Episode 1: Older People and Sex - Feelings of Inadequacy and how to Overcome them
There's always something new to learn and explore
Suzanne Noble, Peter Marriott
Suzanne Noble 00:09
Welcome to Sex Advice for Seniors. So I'm Suzanne, and I'm 61.
Peter Marriott 00:18
I'm Peter, and I'm 61 for another three weeks. About four weeks. So 62 very soon.
Suzanne Noble 00:34
And we are here to talk about sex. When you're older.
Peter Marriott 00:49
Yeah. Well, apparently.
Suzanne Noble 00:50
So let's talk about sex. We've got this list that we created a very extensive list, because of course, we are both very, very seriously interested in this topic.
Peter Marriott 00:58
And unqualified, completely...
Suzanne Noble 01:01
unqualified, except that both of us have had quite a bit of experience. Some more than others. Possibly me. And you are just trying to catch up.
Peter Marriott 01:13
Suzanne Noble 01:14
And you've got a long way to go. But that's okay. Because you still got time,
Peter Marriott 01:20
It's quality rather than quantity. Well, that's what we'd like to think.
Suzanne Noble 01:25
Sometimes it is quantity. Quantity can be quality.
Peter Marriott 01:31
Yeah. Yeah. Well, let's hope so.
Suzanne Noble 01:36
Well, for your sake.
So we've got these topics for discussion. And I thought, let's just start with the first one, shall we?
Peter Marriott 01:41
Feelings of inadequacy and how to overcome them.
Suzanne Noble 01:45
God sounds serious, doesn't it? Feelings of inadequacy and how to overcome them? Yeah. And why did we come up with that topic?
Peter Marriott 01:53
Do you know I can't remember? I think probably because we've been talking about how people feel inadequate about their sexual experience and feel as though there's a lot still to be gained in terms of experience, and how do they get that? And if they don't have it, you know, are they adequate lovers? And so you feel bad about yourself and blah, blah, blah? And all those sorts of questions. I think that's where that came from.
Suzanne Noble 02:25
I think it originally came from because we were talking about the fact that sometimes when people talk about older people and sex, just generally, they tend to focus on the negatives, don't they? Yeah, they tend to focus on the fact that men can't get it up anymore. And they tend to focus on the fact that women have dry vaginas, and so it tends to be quite derogatory, actually, which can lead to feelings of inadequacy. And I certainly know that there are conversations that we've had in the Advantages of Age group about really is it even important anymore. Is sex even important anymore? And I personally think it's okay if you don't want it. But equally, if you do want it, and you're getting messages chucked at you from the media predominantly that make you feel that you shouldn't want it anymore.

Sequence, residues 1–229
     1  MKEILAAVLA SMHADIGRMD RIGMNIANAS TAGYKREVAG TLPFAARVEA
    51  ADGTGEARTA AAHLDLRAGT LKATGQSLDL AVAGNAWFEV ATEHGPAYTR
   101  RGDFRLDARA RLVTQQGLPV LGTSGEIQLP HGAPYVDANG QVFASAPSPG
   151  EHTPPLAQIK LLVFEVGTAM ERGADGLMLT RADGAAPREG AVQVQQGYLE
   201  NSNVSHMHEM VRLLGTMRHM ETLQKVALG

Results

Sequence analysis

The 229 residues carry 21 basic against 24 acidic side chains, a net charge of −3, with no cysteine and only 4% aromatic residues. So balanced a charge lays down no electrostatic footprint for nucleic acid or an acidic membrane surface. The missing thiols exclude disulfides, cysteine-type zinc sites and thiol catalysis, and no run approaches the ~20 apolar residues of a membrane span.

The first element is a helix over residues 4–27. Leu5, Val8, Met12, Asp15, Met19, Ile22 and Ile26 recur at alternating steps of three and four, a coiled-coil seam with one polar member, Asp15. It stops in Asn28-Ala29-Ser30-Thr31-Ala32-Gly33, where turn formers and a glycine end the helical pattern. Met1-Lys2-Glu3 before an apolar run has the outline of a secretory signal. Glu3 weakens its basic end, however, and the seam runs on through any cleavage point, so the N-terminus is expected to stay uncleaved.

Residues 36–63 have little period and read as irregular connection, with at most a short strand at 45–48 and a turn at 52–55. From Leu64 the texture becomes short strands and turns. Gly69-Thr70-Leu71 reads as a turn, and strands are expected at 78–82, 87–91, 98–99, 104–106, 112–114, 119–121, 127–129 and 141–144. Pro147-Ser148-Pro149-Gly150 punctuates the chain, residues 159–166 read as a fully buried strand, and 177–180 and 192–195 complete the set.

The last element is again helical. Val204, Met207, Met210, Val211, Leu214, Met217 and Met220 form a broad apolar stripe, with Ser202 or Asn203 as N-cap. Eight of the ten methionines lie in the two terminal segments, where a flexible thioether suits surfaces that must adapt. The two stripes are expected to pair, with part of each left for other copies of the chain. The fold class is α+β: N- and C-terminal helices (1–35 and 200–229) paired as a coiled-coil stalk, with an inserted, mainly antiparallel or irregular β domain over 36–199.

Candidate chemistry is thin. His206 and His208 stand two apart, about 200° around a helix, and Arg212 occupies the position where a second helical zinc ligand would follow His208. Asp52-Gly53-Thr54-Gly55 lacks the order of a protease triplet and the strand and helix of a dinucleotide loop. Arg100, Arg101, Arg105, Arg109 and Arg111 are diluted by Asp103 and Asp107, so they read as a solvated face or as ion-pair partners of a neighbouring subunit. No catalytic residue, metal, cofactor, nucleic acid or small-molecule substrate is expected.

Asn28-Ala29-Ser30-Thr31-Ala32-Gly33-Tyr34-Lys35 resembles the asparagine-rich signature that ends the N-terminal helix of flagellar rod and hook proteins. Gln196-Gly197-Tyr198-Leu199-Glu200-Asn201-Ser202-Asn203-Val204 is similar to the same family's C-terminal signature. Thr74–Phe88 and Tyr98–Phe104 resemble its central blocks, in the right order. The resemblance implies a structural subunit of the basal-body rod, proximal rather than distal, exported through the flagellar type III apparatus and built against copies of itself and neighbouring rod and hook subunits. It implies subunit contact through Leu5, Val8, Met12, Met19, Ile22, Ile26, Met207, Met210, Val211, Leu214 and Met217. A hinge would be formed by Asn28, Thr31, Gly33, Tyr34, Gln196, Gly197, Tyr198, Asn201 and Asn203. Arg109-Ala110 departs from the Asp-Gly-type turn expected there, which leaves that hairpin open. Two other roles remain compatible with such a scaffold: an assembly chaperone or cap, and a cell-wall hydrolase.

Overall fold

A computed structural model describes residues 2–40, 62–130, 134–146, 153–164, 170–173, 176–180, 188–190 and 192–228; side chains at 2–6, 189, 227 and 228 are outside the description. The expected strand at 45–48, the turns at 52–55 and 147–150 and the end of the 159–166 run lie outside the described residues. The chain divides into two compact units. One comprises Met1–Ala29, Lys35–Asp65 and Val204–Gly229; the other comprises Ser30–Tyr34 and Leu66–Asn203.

Peter Marriott 03:22
Or that somehow it's yucky and inappropriate for people of a certain age to be having sex at all. Certainly, young people think that I mean, I know it's become a bit of a joke, but when young people think about their parents or their grandparents, I'm sure that doesn't even enter into their heads, that they might still be sexual beings, fully autonomous sexual beings who get up to stuff. The messages coming from everywhere outside are fairly negative about sex.
Suzanne Noble 03:59
And I know that I've had partners in the past that have felt uncomfortable about their erections. And when I've suggested that there might be some pharmaceutical products that are available to help, they've been quite dismissive about that, and some people haven't. And frankly, I think, personally, that if you struggle with things, and there's some help available, whether it's lubricants if you're a woman or Viagra, whatever, if you're a guy, then it's okay. Yeah, okay to say, I need a little bit of help.
Peter Marriott 04:41
I think people are generally very bad at recognising they need help and then asking for it.
Suzanne Noble 04:48
I've had conversations with women about lubrication, which has suggested that if you don't get wet enough that there's something wrong with you. Whereas it's just a physiological thing that sometimes happens when you're an older woman.
Peter Marriott 04:49